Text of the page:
Michaela’s avoidance behaviour meant that she:

  • Started to ruminate about getting onto the flight and started to suppress the thoughts, whilst sometimes distracting her mind towards other things.


  • Started to have a rise in anxiety and stress levels that further strengthened and cycled the ruminations. The rise in her fear of flying and anxiety correlated in strength to how close she was coming to the day of travel. The closer she came, the stronger her fear of flying became.
  • Started to feel that she could not cope when the flight took off


  • Thought about whether she should exit the plane as it was about to close its doors or turn around at the departure gate and her mind flipped between the two. (She was increasingly thinking of using avoidance as a mechanism to reduce her anxiety levels).


  • Eventually, Michaela woke up on the day of her travel and felt that her mind and body were anxiety-ridden and she felt that she could not travel. However, she gritted her teeth, got ready, and got into the taxi with her cases. Having got to the airport, she checked in her bags and went to the departure gates for her security checks. Knowing that she may not be able to turn back at this point, she decided not to travel and informed the airline representatives. Within an hour she had collected her bags and sat in an airport coffee shop feeling relieved, but also feeling as though her self-esteem had taken a hit.


  • Whilst Michaela felt relieved that she had avoided her fear of flying and that she could start to bring her anxiety levels down, what Michaela had not realized was that she had strengthened the belief that flying within a plane was a real threat to her well-being and her life. She had also weakened her self-confidence and her belief that she was resilient enough to take the flight which would have raised her self-confidence. By avoiding the flight, she had also reduced her confidence in herself, which further solidified external fears and made her feel weak, vulnerable, and with low levels of resilience.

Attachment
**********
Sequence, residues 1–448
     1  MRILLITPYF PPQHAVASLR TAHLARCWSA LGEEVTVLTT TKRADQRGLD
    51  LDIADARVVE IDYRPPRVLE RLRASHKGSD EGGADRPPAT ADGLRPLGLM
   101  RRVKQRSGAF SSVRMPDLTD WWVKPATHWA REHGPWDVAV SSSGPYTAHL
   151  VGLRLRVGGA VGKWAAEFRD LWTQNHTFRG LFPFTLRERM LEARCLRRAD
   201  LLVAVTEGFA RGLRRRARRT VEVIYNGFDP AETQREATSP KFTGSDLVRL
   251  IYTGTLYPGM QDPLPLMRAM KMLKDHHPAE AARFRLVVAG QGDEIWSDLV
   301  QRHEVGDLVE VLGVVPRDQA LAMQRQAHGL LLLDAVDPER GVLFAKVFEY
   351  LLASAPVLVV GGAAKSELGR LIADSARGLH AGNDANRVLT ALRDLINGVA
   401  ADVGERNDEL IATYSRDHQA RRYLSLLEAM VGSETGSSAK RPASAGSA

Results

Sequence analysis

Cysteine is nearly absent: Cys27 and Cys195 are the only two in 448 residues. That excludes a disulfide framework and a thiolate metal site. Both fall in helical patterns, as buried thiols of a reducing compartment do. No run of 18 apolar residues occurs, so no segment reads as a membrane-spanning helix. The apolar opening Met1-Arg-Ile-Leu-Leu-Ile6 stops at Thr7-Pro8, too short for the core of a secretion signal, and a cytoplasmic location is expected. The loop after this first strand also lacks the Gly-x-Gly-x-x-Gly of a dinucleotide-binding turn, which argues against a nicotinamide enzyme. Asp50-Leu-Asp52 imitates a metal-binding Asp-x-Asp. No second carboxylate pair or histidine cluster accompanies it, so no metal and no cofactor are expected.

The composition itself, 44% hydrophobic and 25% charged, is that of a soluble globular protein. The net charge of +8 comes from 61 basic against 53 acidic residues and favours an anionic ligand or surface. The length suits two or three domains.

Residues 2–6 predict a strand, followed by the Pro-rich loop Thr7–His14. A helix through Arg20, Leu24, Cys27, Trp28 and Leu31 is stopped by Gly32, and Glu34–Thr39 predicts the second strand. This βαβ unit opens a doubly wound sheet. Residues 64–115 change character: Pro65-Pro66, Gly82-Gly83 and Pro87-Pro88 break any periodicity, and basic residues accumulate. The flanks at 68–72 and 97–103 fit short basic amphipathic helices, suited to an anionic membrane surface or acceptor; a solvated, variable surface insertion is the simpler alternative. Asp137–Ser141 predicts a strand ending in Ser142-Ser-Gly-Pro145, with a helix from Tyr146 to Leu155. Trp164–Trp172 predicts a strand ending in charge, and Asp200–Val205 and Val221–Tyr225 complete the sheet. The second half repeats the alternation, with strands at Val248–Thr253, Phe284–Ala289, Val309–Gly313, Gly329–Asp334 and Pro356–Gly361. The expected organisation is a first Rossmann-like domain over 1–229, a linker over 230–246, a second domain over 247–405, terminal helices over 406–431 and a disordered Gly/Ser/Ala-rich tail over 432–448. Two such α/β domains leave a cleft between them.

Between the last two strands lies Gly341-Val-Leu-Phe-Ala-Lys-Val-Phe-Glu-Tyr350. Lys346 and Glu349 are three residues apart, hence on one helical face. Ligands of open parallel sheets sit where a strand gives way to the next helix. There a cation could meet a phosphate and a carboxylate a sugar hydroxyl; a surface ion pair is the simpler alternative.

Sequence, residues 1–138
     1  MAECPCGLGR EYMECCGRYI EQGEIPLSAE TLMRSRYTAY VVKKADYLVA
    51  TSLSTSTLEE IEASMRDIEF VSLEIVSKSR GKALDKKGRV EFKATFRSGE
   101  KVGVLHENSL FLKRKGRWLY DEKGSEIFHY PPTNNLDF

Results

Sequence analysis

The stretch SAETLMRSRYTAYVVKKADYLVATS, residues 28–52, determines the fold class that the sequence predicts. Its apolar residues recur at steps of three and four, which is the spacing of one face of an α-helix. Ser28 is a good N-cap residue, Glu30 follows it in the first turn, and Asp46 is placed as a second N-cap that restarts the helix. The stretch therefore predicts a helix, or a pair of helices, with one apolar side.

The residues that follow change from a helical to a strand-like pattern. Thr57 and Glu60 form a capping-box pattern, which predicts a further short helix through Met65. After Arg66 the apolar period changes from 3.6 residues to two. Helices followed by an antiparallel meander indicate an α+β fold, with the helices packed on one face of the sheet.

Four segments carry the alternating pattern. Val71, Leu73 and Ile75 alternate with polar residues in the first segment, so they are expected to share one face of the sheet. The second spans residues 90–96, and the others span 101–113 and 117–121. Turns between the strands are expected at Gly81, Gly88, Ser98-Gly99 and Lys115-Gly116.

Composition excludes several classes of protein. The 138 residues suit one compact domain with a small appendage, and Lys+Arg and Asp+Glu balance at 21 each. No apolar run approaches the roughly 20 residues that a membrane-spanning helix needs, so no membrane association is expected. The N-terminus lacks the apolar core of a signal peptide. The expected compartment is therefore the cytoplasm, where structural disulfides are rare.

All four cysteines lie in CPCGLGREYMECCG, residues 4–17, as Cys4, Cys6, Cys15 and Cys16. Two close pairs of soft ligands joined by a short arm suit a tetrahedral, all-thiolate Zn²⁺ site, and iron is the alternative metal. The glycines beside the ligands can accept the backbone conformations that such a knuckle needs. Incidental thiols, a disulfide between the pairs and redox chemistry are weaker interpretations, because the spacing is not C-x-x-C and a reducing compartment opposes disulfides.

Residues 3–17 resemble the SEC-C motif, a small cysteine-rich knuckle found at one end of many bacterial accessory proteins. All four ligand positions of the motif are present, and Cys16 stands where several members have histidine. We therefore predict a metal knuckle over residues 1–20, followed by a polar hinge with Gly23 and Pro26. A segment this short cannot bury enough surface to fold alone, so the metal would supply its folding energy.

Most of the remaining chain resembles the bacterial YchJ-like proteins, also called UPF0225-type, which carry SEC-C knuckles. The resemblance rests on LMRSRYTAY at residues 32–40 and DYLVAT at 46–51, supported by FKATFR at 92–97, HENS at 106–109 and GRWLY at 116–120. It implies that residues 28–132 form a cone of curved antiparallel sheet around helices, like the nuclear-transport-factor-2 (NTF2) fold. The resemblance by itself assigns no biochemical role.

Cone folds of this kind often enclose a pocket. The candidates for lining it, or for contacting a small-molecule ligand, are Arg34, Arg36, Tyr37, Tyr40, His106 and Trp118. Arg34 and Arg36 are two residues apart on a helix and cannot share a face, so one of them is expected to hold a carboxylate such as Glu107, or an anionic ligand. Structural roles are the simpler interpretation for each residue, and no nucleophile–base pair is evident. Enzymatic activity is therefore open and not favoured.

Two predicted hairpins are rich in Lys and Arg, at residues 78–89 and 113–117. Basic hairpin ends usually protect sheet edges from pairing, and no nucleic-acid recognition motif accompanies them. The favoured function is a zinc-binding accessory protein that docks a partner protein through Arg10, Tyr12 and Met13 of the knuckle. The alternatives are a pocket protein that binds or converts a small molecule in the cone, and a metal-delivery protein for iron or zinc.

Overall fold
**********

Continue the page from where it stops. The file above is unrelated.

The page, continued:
What Michaela was doing, which many anxiety sufferers do, is to overestimate the severity and likelihood of the threat and underestimate her ability to cope.


The Longer the Fear of Flying Remains Unchallenged, the More Difficult it Becomes to Overcome it

The longer any fear is left unchallenged, the greater the perception in an individual that it is an insurmountable problem. One of the reasons I work with clients who fear flying is because when they overcome this, their life changes to such a significant degree that they feel like a new person. They develop an acute desire to explore, have new experiences, and engage in more positive thinking patterns, thereby rapidly increasing their self-confidence.

My work on assisting clients reduce their fear of flying uses multiple approaches which include psycho-educational work, cognitive behavioral therapy and cognitive challenge, hypnotherapy, Exposure and Response prevention work, problem-solving, Acceptance and Commitment Therapy and historical reflections that explore the early childhood experiences which a client may have had when travelling.

In the end, you can be the force for change that you want to be.

How Do I Work on Tackling a ‘Fear of Flying’ Phobia?